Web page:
14. #2023 AGRODEP CONFERENCE 5. The Empirical Findings Extensive margin: Fruits  The economic mass of the trading partners significantly propels fruit exports to the EU (0.2) and US (0.8). - such that economic prosperity stimulates fruit exports more to the US than the EU.  The EU FSRs serve as inhibiting factors to the probability of exporting – 4.3%. - implying that new and disappearing fruit exporters are discouraged to explore the EU market.  The US FSRs are not export-impeding and they did not discourage the probability of exporting. - an additional per cent rise in the US FSR leads to 1.6% more fruit exports.  Trade regulatory institutions in Africa propel fruit export to the US (0.3%) but not to the EU (0.1%)
  15. #2023 AGRODEP CONFERENCE Extensive margin: Banana 5. Empirical Findings Cont.  The propensity to export bananas is significantly propelled by the GDP of the trading partners. - the EU and US increased by 0.6% and 0.3%, respectively, for every per cent rise in GDP.  The EU FSRs on bananas did not adversely affect the propensity to export – enhanced by 0.6%. - exporters are well informed about FSR requirements, upgraded and conform.  However, the US FSRs for bananas adversely impacted the probability to export - by 3.0% for an additional per cent rise in the regulations.  Trade institutions significantly double (2.0%) the propensity to export to the EU but their enforcement are insufficient for the US market.
  16. #2023 AGRODEP CONFERENCE 5. Empirical Findings Cont. Intensive margin: Fruits  Economic mass enhances fruit export to the EU (0.7%) and US (0.9%) - implies that Africa’s economic size and the level of absorption of the commodity in the export markets are sufficient to stimulate export.  The EU FSRs are not trade-inhibiting such that an additional per cent increase in FSR enhances export by 5.3%. - access to improved seeds and market information stimulates compliance via upgrading.  However, the US FSRs significantly inhibit fruit export by 4.3% for every per cent rise in FSRs. - the inadequate synergy between retailing outlets and exporters contributed to non-compliance to the US FSRs.  Trade regulatory institutions significantly enhance export access to the US but not to the EU market.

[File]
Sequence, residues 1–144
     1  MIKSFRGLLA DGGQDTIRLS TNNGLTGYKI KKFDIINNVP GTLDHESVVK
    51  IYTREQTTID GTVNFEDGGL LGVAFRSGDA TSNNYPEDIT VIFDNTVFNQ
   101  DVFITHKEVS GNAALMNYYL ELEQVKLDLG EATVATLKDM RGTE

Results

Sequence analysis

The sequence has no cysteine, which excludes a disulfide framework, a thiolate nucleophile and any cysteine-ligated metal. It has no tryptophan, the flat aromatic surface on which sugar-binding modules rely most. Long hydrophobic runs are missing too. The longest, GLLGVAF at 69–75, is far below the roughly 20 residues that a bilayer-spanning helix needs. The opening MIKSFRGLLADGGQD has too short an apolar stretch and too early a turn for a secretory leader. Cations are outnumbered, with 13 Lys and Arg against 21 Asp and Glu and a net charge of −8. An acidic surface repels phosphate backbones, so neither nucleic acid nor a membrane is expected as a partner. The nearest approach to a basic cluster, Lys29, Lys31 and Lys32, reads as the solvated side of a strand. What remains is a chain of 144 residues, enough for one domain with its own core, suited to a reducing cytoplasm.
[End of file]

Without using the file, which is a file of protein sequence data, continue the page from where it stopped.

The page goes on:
17. #2023 AGRODEP CONFERENCE 5. Empirical Findings Cont. Intensive margin: Banana  The export is significantly propelled by the economic size. - banana export to the EU is more than doubled (2.2%) for every per cent rise in the GDP.  However, for the US market, the economic size of Africa and the US is not a significant factor.  The EU FSRs on bananas did not significantly inhibit export flows – export was enhanced by 5.4%. - this is partly attributed to the technical support from retailing firms, GLOBAL GAP, etc.  The US FSR adversely hinder banana export, though the US FSR is limited in preponderance. - however, they are stringent in the content requirements and the costs of compliance.  Exporters significantly explore regulatory inefficiency and porous enforcement to export bananas to the EU.  The institution is insignificant for the US market access.
  18. #2023 AGRODEP CONFERENCE 6. The Conclusions  This study finds evidence for neither simultaneous export-impeding nor export-enhancing effects of FSR at the extensive and intensive export margins in the EU and US markets.  This implies that FSR cannot be referred to as trade barriers for Africa – particularly in the EU market.  The strengthening of the trade regulatory institution can propel fruit export to these markets.  Hence, an improved institutional capacity to inspect and enforce quality standards will reduce the trade regulations challenges faced by Africa’s fruit exports in the EU and US and thereby enhance market access that could contribute to sustainable development.